SYDNEY, AUSTRALIA - JUNE 11: Chris Hemsworth  arrives at the red carpet screening of "Spiderhead" at The Entertainment Quarter on June 11, 2022 in Sydney, Australia. (Photo by Don Arnold/WireImage)
TV - Movies
The Ending Of
Chris Hemsworth’s mad scientist character, Steve Abnesti, and Miles Teller’s inmate patient, Jeff, are essential to the movie’s ending, which asks us to think about the value of regret, guilt, and shame. The final voiceover and the differing outcomes for the two main characters reveal the movie's straightforward thesis.
Hemsworth and Teller
Abnesti’s death because of his unwillingness to face his loneliness and feelings of abandonment and rejection suggests that embracing such emotions is fundamental to our survival. His end also illustrates his reliance on convenience-promoting, emotion-dulling, and dopamine-inducing apps and devices.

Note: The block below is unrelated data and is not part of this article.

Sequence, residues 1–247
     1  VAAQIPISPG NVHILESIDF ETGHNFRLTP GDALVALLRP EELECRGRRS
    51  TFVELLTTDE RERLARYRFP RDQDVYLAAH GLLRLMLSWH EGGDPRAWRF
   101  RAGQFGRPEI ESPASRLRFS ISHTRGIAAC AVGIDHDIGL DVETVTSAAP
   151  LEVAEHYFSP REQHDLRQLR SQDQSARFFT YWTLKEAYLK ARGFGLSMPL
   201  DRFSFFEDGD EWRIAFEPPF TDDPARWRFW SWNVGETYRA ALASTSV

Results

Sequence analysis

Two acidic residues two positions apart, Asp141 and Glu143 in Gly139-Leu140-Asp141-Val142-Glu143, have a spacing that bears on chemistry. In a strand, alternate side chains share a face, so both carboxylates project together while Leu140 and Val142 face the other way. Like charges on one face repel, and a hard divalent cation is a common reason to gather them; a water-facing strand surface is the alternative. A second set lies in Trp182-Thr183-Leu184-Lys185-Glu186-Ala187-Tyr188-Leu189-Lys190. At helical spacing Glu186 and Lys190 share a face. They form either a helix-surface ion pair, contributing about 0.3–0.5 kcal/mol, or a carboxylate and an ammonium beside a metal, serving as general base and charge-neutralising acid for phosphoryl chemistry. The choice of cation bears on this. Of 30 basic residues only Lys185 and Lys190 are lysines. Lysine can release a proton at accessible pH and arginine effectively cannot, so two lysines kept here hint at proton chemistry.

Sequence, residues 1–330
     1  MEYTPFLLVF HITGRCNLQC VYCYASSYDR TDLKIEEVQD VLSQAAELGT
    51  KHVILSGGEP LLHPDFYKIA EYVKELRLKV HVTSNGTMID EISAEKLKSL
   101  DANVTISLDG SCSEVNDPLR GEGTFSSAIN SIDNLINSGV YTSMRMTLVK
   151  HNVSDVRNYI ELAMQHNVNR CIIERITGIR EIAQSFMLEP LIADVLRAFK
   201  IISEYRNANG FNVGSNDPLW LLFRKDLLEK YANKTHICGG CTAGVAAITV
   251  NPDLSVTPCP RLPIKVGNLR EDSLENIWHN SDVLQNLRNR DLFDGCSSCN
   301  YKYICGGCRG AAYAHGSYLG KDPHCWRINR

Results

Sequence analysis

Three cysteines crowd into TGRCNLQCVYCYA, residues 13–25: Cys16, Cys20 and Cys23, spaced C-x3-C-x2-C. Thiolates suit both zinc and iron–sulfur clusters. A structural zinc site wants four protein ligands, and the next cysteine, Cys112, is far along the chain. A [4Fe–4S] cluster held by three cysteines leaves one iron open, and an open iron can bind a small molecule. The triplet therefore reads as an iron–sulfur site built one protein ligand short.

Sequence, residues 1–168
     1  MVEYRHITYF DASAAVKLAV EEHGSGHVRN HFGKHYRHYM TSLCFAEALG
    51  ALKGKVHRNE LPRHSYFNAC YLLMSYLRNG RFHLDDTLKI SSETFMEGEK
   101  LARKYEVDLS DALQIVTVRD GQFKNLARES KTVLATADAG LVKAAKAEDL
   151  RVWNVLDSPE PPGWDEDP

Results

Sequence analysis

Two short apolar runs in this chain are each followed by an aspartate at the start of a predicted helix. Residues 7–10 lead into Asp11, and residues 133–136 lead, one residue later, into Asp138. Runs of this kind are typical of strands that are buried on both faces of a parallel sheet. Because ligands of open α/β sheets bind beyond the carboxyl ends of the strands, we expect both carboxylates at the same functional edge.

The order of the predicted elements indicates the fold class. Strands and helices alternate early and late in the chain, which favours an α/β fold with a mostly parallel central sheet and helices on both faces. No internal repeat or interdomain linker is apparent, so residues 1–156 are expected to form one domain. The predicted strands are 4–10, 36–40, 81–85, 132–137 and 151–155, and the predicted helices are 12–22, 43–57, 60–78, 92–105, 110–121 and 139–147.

Lonely Mad Scientist
Even though Jeff and his love interest, Lizzy, ride off into the sunset, they're both filled to the brim with feelings of pain, regret, shame, remorse, and intermittent glimpses of hope. In a sense, the ending of "Spiderhead" investigates and asks questions about what it means to be human and alive.
Happy But Sorrowful
George Saunders' original story takes an unflinching look at the unsentimental reality behind our notion of personhood. The movie concerns itself with these same things, but goes a step further, acting as less of an adaptation and more of an interpretation of Saunders' ultimate point.
Saunders’ Message
Yes, the film says, we are all a series of chemically-driven responses, but controlling or dulling those responses artificially takes away our humanness. If we hope to survive, we have to be able to see and embrace life as it truly is — in all its frequently gut-wrenching glory.
Open Our Eyes